In a major courtroom proceeding, an Idaho judge steadfastly rejected a plea by Bryan Kohberger’s defence attorneys to quash all allegations against their client. Kohberger, a 28-year-old criminology PhD candidate, is at the epicenter of a high-profile case, charged with the brutal murders of four University of Idaho students in their Moscow residence on November 13.
Returning to court for a pivotal hearing this Thursday, Kohberger's legal team had previously launched a motion to dismiss the murder charges. They argued that the case was marred by a prejudiced grand jury, the inclusion of inadmissible evidence, and allegations of prosecutorial misconduct.
Presiding Judge John Judge acknowledged the creativity and historical depth of the defense's argument. Yet, he swiftly affirmed the grand jury’s indictment, expressing his binding duty to follow what he perceives as established Idaho law.
He suggested that this matter may be more aptly addressed by a higher judicial authority, such as the Idaho Supreme Court, expressing anticipation for its potential review. In an unexpected turn, Judge Judge announced his decision to permit camera presence in the courtroom, albeit with an intention to exercise greater control over their operation.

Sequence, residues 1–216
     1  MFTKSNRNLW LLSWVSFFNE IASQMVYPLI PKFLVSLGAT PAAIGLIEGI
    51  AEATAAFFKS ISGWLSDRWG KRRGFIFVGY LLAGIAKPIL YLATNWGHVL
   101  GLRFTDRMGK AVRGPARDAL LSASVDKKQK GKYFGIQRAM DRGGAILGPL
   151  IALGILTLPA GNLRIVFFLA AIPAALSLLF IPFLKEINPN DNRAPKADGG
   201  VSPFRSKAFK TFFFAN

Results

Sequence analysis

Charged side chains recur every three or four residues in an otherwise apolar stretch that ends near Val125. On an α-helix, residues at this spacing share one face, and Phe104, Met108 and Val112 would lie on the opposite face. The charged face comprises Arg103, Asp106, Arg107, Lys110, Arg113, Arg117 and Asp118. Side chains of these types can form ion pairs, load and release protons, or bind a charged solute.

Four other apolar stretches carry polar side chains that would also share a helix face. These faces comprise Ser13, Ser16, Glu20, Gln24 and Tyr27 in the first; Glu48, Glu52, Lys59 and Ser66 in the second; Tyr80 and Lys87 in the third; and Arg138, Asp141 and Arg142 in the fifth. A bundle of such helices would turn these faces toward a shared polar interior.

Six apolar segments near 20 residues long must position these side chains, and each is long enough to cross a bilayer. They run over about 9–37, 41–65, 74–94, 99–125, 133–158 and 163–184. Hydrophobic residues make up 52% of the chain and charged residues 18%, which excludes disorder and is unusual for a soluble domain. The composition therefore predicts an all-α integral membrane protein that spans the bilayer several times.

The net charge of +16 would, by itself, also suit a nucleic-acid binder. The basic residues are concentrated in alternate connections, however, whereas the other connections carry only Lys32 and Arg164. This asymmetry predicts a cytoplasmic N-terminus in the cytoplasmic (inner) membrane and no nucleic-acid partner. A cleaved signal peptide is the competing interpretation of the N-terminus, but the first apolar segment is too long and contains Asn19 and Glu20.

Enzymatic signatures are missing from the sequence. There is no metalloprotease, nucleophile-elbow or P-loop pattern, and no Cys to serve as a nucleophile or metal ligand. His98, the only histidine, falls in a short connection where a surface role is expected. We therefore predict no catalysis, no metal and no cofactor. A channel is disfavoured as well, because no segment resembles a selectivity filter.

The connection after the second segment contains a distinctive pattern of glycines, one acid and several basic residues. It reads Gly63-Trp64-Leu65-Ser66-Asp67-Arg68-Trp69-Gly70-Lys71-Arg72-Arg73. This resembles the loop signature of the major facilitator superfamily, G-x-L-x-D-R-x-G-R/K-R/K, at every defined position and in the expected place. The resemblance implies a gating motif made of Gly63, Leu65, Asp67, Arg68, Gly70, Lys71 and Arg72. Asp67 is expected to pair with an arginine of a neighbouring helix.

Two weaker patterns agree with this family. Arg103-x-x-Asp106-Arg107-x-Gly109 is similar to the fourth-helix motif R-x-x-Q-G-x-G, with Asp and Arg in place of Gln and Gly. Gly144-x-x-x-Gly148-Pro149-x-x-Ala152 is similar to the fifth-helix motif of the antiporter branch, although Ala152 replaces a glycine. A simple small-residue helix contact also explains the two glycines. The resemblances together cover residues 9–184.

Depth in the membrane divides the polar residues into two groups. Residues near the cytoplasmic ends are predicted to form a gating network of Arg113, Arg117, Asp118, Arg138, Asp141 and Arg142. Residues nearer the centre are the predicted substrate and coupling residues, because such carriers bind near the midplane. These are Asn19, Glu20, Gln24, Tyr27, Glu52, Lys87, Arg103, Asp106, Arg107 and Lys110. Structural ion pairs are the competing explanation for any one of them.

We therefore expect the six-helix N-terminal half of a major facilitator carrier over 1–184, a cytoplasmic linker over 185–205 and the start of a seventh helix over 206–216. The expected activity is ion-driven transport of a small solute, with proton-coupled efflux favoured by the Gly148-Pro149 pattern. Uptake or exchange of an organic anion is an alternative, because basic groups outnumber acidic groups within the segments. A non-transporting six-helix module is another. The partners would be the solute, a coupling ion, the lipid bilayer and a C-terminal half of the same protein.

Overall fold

He called for restraint and dignity from media outlets in their coverage of the case.
Families Advocate for Transparency
Families of victims Kaylee Goncalves, 21, and Xana Kernodle, 20, have been vocal advocates for camera documentation of Kohberger’s trial proceedings.
This request, however, has faced opposition from both the defense and prosecution. Early Thursday, the families took to Facebook to share their anxieties and hopes for a favourable decision. Media groups have resisted the defence’s motion to ban cameras, advocating for continued access to the courtroom for future hearings and the trial.
Kohberger, whose connection to the murders is allegedly supported by DNA evidence, cellphone data, an eyewitness account, and his white Hyundai Elantra, has consistently maintained his innocence. Thursday's hearing saw Kohberger's defence challenge the grand jury instructions, a move that Judge Judge met with a light-hearted remark about their century-long consistency.
The prosecution stood firm, asserting the validity of the grand jury indictment and pointing to clear precedents set by the Idaho Supreme Court. Initially set for October 2, Kohberger’s trial is now on an indefinite hiatus following his unexpected decision to waive his right to a speedy trial.
He stands accused of four counts of murder and other related charges, steadfastly denying any involvement in the tragic events.